A. In a Class D amplifier, the power transistors are operated as switches. They are driven by pules so that they turn on and offvery rapidly. The duty cycles of their control pulses are made to follow variations in the signal voltage.
In other words, the on” and “off” times are varied, so that the output from the power transistors is a series of pulses of varying widths. The pulses are smoothed into a continuous waveform in the output by LC filter circuits.
The advantage of Class D is that the power transistors are either on or off. When they are on, the current through them is high, but the voltage across them is low.
Since power is the product of current times voltage, the power dissipated in the output transistors is low. The same is true when the transistors are off. Although the voltage across them is high, the current through them is low, so the power they must handle is also low.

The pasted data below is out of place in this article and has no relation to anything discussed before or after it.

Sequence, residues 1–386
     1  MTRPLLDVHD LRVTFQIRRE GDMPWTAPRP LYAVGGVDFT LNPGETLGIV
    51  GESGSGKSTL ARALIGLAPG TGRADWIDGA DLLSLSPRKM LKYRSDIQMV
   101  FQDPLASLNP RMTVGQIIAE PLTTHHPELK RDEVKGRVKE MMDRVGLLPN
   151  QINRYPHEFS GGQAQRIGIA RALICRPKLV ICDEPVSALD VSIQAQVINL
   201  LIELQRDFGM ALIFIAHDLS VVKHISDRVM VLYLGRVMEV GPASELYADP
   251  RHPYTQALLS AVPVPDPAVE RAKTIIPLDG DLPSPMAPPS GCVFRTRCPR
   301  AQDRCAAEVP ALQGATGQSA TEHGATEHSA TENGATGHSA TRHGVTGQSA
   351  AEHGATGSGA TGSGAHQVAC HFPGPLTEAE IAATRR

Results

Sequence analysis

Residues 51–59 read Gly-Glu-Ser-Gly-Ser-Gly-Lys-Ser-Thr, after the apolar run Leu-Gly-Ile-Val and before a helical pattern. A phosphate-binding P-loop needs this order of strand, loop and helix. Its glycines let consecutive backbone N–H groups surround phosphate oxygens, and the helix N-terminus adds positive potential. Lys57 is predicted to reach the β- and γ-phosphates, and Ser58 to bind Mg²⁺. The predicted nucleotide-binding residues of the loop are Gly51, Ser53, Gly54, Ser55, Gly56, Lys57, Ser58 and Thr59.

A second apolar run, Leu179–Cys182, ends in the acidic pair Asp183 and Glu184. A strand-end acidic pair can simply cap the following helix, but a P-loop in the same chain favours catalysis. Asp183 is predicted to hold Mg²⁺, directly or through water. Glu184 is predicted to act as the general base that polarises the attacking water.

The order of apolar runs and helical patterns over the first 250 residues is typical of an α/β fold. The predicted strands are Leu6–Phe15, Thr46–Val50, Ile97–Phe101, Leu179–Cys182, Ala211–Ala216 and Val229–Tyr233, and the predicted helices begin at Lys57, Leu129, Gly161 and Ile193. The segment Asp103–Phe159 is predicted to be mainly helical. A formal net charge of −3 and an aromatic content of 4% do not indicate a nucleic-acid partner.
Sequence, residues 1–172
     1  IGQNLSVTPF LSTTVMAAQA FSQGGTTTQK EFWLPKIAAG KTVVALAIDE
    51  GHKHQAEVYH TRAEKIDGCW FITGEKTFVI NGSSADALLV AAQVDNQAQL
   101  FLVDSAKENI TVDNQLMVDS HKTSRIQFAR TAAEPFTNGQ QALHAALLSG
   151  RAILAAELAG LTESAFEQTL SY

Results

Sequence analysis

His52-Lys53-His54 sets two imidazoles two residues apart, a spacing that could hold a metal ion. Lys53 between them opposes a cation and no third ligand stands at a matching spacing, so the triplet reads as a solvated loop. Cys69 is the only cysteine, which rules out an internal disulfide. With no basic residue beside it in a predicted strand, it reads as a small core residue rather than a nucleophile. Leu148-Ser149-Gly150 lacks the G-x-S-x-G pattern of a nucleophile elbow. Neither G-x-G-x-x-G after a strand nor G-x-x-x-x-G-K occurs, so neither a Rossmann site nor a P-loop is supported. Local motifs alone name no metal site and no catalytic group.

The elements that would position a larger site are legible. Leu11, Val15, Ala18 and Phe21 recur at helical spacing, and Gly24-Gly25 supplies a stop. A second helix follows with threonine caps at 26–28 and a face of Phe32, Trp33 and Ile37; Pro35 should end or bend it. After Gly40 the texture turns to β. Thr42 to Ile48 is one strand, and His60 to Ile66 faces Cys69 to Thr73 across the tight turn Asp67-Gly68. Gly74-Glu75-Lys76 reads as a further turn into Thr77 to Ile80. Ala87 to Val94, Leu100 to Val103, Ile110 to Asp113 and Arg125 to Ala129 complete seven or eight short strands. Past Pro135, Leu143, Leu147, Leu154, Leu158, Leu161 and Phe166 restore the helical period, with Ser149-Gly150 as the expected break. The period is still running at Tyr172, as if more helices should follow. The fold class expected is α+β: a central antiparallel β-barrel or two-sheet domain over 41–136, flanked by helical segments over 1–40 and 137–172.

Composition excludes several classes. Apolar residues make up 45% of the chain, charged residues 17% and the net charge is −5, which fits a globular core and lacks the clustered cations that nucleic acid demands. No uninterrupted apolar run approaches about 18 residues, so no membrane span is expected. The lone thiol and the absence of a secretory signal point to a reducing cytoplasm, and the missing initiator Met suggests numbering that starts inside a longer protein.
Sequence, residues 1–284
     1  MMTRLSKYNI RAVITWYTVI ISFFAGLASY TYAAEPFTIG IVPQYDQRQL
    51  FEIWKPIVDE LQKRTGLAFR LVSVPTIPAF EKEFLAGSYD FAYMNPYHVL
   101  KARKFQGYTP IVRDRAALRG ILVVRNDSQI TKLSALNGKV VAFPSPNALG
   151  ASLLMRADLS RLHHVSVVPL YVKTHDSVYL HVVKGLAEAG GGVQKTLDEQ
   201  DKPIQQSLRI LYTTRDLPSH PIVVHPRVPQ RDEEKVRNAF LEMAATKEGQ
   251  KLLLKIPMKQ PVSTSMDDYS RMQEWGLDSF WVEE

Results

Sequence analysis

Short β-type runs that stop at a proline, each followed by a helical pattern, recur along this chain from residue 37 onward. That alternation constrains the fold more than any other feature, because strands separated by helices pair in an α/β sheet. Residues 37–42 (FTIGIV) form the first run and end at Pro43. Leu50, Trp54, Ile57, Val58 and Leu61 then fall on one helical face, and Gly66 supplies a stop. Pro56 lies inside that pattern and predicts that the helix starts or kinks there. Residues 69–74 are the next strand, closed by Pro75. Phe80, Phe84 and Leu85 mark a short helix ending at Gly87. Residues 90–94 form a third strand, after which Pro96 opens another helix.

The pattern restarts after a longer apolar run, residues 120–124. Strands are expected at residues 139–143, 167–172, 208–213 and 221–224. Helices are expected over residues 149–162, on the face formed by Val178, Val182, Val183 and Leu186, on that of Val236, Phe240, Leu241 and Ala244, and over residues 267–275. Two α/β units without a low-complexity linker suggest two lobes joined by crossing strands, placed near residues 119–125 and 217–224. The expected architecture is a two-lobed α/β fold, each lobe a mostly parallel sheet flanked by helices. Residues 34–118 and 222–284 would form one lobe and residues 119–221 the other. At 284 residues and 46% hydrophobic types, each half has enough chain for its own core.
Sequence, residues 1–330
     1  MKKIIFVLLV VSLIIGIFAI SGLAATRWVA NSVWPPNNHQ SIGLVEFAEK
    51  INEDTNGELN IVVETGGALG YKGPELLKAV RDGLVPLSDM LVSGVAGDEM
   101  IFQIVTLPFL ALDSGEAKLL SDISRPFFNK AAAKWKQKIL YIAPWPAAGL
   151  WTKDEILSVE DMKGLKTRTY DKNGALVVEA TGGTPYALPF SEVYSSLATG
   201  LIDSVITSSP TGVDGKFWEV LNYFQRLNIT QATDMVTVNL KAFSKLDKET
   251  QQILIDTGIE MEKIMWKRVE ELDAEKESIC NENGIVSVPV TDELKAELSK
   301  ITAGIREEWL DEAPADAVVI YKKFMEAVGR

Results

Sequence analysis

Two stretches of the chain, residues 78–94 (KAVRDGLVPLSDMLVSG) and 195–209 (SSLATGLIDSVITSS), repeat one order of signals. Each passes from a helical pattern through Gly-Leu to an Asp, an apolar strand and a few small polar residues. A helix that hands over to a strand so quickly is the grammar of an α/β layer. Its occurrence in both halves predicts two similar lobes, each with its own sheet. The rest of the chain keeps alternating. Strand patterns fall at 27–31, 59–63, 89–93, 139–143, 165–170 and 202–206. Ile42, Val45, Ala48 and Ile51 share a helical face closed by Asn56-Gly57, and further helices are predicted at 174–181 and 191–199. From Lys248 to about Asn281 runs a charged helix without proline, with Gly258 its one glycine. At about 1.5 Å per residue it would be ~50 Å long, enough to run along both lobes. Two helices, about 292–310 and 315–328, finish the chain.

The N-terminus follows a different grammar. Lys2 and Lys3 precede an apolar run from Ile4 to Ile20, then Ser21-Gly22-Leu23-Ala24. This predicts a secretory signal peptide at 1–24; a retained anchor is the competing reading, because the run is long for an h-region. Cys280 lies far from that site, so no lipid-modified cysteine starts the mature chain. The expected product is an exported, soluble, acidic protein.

The transistors spend very little time in the range where both the current through them and the voltage across them are substantial, and the power is high. Only during the relatively short rise and fall times of the pulses are they in this range.
(One instructor likens this to someone running quickly back and forth over hot coals. He spends most of his time at one end or the other of the coals, where the ground is cool, and little of the time actually over the hot coals.)
Consequently, these amplifiers can produce a powerful output signal without having to dissipate much power. Class D amplifiers are very efficient. Unlike Class C amplifiers, they do not require a tuned load. They are often used in the power output stages of audio amplifiers and radio transmitters.